“I’m not in charge,” Governor Bruce Rauner said recently, “I’m trying to get to be in charge.”

Rauner said he’ll "get to be in charge" by taking away House Speaker Michael Madigan’s Democratic majority next year. Madigan, Rauner says, is “really” in charge of Illinois.

The Republicans need to win nine net seats. So can Rauner really take out Madigan next year?

Keep in mind that Speaker Madigan drew the legislative district maps. Thumping him in what looks to be a big Democratic year after taking four net seats away from Madigan in 2016 will stretch the partisan possibilities of that map beyond what most would consider common sense.

Rauner does have three things going for him, however: Money, the income-tax hike passed over his veto, and Madigan himself. Rauner has plenty of the former, and the latter two don’t poll well for the Democrats.

The Republicans must first sweep four southern Illinois districts to have a shot, and winning them are very possible.

The only statewide Democrat (including presidential candidates) to win appointed Representative Natalie Phelps Finnie’s (D-Elizabethtown) deep southern-Illinois district since 2012 was Secretary of State Jesse White. She has a great family name for the area, however, and she was appointed after the income-tax-hike votes.

Representative Jerry Costello (D-Smithton) also has a well-known family name, voted against the tax hike, but also has a district which has been won only by Secretary White since 2012.

Freshman Representative Katie Stuart (D-Edwardsville) was the sole bright spot for the House Democrats last year. She defeated a flawed Republican incumbent, Dwight Kay, who is running again against a female Republican. Stuart voted against the tax hike.

Representative Dan Beiser’s (D-Alton) winning margins seemed to tighten every two years, which is one reason he’s retiring. While President Trump won Beiser’s district by 16 points, Tammy Duckworth and Susana Mendoza both won, as did Dick Durbin, Lisa Madigan, and Jesse White in 2014. President Obama also won it by five points in 2012. So while it’s in play because it’s an open seat, this won’t be easy for the Republicans.

Okay, so let’s say Republicans win all four of those (not a lock, but maybe). They still need five more.

Let’s start with three suburban races that have been in play before.

Representative Sam Yingling (D-Grayslake) under-performed Hillary Clinton by nine points and had to be dragged across the finish line in the closing days by Speaker Madigan’s top field generals. He won what was considered to be a GOP district in 2012, so the Republicans won’t ever give up. Yingling voted against the tax hike.

Retiring Representative Carol Sente (D-Vernon Hills) cruised to an easy victory last year. She had some trouble in 2014, winning by five points. Rauner won that district by 16, which puts it in play in the GOP’s mind along with it being an open seat.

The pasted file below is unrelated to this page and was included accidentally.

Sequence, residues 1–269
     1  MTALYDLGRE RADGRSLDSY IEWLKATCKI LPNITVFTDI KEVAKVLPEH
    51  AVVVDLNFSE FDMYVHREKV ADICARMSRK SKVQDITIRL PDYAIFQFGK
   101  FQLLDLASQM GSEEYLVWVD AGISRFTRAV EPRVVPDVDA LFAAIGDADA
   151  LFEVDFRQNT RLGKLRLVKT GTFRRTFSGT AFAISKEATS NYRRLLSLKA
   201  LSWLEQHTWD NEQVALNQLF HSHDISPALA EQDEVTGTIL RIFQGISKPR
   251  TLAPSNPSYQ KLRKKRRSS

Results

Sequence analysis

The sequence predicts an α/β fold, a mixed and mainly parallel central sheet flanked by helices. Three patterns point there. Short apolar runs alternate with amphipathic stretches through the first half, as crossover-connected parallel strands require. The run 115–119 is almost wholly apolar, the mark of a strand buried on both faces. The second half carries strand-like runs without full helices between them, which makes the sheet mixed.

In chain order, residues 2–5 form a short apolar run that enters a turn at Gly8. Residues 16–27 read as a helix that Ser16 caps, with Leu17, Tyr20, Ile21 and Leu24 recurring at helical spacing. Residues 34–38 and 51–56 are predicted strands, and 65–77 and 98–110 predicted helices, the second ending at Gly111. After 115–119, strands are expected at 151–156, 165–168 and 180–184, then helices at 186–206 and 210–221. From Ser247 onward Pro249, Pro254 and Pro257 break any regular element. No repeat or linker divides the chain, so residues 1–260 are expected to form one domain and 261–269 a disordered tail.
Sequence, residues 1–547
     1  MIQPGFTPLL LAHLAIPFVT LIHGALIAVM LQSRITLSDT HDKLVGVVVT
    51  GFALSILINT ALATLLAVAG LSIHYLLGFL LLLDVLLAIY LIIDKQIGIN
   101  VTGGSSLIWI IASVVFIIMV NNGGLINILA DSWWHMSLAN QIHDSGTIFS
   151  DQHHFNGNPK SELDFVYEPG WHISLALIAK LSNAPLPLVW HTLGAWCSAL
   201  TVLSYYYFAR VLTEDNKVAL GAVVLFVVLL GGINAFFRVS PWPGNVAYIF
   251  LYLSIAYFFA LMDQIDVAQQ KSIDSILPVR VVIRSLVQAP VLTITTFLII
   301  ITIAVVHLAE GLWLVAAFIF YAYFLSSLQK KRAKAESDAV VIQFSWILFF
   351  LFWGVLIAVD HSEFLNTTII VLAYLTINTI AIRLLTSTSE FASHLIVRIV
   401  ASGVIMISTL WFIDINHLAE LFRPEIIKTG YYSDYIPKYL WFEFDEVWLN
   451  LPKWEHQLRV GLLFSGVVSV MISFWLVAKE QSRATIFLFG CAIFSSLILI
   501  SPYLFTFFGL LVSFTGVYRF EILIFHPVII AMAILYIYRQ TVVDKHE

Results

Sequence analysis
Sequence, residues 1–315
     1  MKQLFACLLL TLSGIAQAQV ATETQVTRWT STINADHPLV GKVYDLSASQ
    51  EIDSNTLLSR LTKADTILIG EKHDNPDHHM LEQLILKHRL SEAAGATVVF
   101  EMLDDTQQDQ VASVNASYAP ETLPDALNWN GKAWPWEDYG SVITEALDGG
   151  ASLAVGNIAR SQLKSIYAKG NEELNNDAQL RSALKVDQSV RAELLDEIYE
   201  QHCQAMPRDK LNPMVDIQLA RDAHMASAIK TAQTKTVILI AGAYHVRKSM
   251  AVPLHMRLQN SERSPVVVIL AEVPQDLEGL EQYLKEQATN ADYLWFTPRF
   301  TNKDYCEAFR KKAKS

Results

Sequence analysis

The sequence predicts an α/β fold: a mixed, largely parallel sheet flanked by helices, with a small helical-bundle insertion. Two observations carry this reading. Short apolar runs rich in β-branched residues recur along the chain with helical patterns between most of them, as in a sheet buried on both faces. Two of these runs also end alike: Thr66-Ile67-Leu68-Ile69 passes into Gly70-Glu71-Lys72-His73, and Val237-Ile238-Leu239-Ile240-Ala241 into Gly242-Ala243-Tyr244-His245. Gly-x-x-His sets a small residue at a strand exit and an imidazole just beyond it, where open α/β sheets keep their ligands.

Representative Marty Moylan (D-Des Plaines) won his last race by 19 points, but the Republicans never give up on him, either. Just three statewide Republicans have won this district since 2012 (Munger, Rauner, and Judy Baar Topinka). Moylan voted against the tax hike. The anti-gun Democrat is facing pro-gun Republican Marilyn Smolenski.

If the Republicans somehow win all three (not likely), they’re still two seats shy of taking the chamber – if they can somehow hold onto all their own suburban seats.

Now let’s look at possibly vulnerable Democrats who voted for the “Mike Madigan income-tax hike” earlier this year.

Representative Sue Scherer (D-Decatur) is at the top of the list. Scherer voted to override Rauner’s tax-hike veto after first voting against the tax hike. Her district just barely went Democratic last year (Clinton +2, Duckworth +3, Mendoza +1).

Rauner and Topinka are the only two Republicans who’ve won Representative Fred Crespo’s (D-Hoffman Estates) district since 2012 (Clinton won it by 29). Add Tom Cross to that very short GOP winner list for Representative Deb Conroy’s (D-Villa Park) district. Those same three Republicans won Representative Stefanie Kifowit’s (D-Oswego) district. Representative Anna Moeller’s (D-Elgin) district is also pretty solidly Democratic, outside of Rauner and Topinka wins during a strong national GOP wave.

Two pretty Democratic north suburban open seat races might possibly maybe be in play: districts represented by retired Representative Elaine Nekritz and attorney general candidate Representative Scott Drury. And there may be one or two more, but I have my doubts about Rauner picking up a net nine.

So if Rauner is reelected next year, he probably still won’t be in charge – by his own definition.

 

Rich Miller also publishes Capitol Fax, a daily political newsletter, and CapitolFax.com.

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